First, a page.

The problem of state estimation of a linear, dynamical state-space system where the output is subject to quantization is challenging and important in different areas of research, such as control systems, communications, and power systems. There are a number of methods and algorithms to deal with this state estimation problem. However, there is no consensus in the control and estimation community on (1) which methods are more suitable for a particular application and why, and (2) how these methods compare in terms of accuracy, computational cost, and user friendliness. In this paper, we provide a comprehensive overview of the state-of-the-art algorithms to deal with state estimation subject to quantized measurements, and an exhaustive comparison among them. The comparison analysis is performed in terms of the accuracy of the state estimation, dimensionality issues, hyperparameter selection, user friendliness, and computational cost. We consider classical approaches and a new development in the literature to obtain the filtering and smoothing distributions of the state conditioned to quantized data. The classical approaches include the extended Kalman filter/smoother, the quantized Kalman filter/smoother, the unscented Kalman filter/smoother, and the sequential Monte Carlo sampling method, also called particle filter/smoother, with its most relevant variants. We also consider a new approach based on the Gaussian sum filter/smoother. Extensive numerical simulations—including a practical application—are presented in order to analyze the accuracy of the state estimation and the computational cost.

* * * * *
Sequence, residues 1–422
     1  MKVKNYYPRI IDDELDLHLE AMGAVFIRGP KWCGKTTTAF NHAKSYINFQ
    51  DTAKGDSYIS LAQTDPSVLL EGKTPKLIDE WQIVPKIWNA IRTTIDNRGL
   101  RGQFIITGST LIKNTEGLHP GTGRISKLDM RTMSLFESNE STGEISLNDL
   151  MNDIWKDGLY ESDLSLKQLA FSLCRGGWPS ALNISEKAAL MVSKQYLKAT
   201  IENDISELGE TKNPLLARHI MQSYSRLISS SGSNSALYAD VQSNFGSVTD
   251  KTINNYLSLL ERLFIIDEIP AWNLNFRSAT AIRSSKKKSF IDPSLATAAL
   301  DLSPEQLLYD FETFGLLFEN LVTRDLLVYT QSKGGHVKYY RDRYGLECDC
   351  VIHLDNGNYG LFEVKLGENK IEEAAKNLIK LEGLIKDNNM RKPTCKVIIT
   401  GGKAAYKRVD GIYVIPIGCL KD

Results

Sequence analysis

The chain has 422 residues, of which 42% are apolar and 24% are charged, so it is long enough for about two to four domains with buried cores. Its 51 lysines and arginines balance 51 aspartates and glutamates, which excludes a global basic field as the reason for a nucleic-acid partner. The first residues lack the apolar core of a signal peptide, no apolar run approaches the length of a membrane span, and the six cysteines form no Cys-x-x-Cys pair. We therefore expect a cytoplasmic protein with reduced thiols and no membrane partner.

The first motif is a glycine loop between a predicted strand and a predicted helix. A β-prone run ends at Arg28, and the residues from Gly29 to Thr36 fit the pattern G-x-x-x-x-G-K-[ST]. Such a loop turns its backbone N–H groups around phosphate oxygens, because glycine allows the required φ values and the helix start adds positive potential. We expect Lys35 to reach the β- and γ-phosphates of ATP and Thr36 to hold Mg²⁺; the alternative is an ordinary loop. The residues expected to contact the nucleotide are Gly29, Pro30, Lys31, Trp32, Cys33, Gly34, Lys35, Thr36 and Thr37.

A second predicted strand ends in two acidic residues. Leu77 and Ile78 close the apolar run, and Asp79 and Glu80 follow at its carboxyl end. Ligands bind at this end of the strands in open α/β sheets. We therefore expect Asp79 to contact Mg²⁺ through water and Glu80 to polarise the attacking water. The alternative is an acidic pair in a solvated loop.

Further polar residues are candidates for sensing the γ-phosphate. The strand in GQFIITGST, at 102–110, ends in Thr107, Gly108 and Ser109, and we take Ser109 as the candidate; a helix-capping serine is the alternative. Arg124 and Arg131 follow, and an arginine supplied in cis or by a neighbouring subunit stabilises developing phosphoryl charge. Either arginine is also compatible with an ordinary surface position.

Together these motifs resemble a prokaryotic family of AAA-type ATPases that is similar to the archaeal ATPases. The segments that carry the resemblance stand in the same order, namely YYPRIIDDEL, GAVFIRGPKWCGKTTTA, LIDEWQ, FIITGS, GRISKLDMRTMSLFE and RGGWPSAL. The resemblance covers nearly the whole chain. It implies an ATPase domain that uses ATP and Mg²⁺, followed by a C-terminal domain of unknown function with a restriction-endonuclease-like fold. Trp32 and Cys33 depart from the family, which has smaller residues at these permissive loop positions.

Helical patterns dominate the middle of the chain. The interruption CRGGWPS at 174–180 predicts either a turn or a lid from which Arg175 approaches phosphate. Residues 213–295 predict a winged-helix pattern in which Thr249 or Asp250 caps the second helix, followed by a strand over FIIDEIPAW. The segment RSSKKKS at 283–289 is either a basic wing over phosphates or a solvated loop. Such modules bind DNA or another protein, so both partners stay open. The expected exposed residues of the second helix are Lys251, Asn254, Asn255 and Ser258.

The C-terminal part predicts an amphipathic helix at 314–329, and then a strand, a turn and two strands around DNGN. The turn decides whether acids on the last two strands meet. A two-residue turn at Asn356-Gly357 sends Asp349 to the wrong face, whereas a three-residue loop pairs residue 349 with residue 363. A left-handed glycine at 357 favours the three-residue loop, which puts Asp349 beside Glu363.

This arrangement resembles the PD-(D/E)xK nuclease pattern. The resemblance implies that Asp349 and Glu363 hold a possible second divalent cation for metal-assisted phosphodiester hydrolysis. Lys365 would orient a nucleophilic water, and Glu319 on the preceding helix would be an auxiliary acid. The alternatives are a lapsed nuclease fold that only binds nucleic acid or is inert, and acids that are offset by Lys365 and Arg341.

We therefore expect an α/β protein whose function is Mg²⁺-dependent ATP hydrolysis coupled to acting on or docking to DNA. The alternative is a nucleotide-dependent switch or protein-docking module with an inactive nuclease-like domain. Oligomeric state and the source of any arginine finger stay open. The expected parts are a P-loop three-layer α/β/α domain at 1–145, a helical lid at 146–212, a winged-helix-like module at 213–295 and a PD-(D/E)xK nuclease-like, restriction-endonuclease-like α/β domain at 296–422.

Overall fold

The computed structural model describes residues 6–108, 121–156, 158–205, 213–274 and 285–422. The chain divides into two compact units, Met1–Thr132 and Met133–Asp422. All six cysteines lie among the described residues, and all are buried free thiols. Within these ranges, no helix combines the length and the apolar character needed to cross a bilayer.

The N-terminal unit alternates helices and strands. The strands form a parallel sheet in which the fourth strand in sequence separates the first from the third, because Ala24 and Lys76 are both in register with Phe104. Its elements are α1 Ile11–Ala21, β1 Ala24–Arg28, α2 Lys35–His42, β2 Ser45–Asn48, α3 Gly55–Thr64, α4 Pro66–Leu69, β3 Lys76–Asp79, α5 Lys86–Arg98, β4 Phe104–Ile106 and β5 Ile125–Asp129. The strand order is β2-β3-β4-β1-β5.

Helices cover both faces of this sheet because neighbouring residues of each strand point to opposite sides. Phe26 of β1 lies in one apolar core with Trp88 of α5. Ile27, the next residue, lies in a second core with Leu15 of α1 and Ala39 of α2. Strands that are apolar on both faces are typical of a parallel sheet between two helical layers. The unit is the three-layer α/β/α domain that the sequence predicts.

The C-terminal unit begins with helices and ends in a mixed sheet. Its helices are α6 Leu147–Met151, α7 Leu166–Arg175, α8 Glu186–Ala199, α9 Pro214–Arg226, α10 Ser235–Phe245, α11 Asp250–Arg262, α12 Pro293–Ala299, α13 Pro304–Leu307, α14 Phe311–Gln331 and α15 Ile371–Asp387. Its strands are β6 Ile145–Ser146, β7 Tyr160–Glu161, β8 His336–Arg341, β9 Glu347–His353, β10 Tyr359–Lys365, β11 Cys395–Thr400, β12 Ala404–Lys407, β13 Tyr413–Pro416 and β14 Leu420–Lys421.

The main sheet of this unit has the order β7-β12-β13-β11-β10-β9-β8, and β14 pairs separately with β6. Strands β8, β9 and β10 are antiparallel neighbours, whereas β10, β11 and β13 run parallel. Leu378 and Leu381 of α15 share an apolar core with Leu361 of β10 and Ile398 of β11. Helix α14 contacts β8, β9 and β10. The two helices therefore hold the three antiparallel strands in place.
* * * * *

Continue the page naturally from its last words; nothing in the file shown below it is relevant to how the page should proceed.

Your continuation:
- Gaussian sum filter/smoother
- extended Kalman filter/smoother
- particle filter/smoother
- quantized data
- state estimation
- unscented Kalman filter/smoother